Instantaneous glacier loss through catastrophic collapse: Disentangling the role of climate, geology and glacier dynamics at Flat Creek glacier, Alaska
Mylène Jacquemart  1, *@  , Michael Loso  2@  , Jasmine Hansen  1@  , Kristy Tiampo  1@  , Mike Willis  1@  , Mikhail Dokukin  3@  
1 : University of Colorado Boulder [Boulder]
Boulder, Colorado 80309 -  United States
2 : United States National Park Service
3 : High Mountain Geophysical Institute, Nalchik
* : Corresponding author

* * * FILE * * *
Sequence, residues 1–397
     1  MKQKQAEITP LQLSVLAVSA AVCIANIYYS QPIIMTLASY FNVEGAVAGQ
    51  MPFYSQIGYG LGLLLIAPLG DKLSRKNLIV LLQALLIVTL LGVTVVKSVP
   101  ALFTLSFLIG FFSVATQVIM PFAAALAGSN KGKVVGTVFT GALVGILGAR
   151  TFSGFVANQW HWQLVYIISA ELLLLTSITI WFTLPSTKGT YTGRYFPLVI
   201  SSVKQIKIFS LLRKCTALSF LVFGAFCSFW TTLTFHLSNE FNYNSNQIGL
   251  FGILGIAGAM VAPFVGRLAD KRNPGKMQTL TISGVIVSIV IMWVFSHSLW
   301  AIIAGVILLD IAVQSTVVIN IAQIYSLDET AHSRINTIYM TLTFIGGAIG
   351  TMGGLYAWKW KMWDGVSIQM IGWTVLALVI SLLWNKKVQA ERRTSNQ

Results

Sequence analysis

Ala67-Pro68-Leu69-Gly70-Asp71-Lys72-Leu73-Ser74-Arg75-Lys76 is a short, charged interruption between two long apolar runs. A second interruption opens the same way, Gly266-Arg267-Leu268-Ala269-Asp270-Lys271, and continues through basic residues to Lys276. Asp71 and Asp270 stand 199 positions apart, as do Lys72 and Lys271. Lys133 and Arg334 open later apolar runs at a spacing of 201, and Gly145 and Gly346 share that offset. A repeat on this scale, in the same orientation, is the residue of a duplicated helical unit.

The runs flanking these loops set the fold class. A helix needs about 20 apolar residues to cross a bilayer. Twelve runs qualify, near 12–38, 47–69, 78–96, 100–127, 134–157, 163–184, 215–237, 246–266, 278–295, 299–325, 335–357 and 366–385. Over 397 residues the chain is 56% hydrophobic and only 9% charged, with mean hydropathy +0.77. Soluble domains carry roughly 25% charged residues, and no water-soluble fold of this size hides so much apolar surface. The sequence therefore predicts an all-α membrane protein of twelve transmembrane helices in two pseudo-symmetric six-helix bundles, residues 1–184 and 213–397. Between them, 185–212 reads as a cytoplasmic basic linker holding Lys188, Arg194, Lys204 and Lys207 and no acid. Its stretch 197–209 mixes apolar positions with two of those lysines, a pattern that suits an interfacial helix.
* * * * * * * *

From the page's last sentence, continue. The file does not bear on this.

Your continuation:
In 2016, the quasi-simultaneous collapse of two neighboring glaciers in the Aru range in northern Tibet (Kääb et al., 2018) opened our eyes to a seemingly unique and practically instantaneous mode of glacier loss that is both catastrophic and possibly unprecedented in human history. Mostly unreported, to date, is a failure in Alaska's Wrangell - St.Elias National Park and Preserve, that, at first glance, shares some surprising similarities with the events in Tibet. First detected in seismic signals on July 31, 2015, a comparison of 2014 and 2016 ArcticDEM digital surface models (DSM), as well as corresponding Planet Labs optical images, reveals that a significant portion of the glacier has been lost in what appears to be one large mass failure. The July 2015 failure produced a very long runout of approximately 12 km, traveling over flat terrain on a forested fan and depositing debris over an area of roughly 7 sq. km. The failure tore into the ridgeline at the head of the drainage, removing about 100 m of the glaciated ridge. Preceded by a much smaller ice avalanche in 2013 (1.3 million m3), the 2015 event removed approximately 20 million m3 of ice and possibly rock, an amount similar in magnitude to the events in Tibet (60 – 80 million m3). Interestingly, and analogous to the Aru range, the area is home to numerous surging glaciers. Whether there is any connection between this and the failure mode is not clear. No earthquake activity was registered prior to the main avalanches, but all known failures occurred during peak melt season, and the 2015 avalanche may have followed a large precipitation event. We will present results from both remote sensing and fore-balance analyses as well as a 2018 field campaign, to help us understand what circumstances led to this catastrophic failure, and how it may relate to other events around the globe, in particular the 2016 twin glacier collapse in the Tibet.

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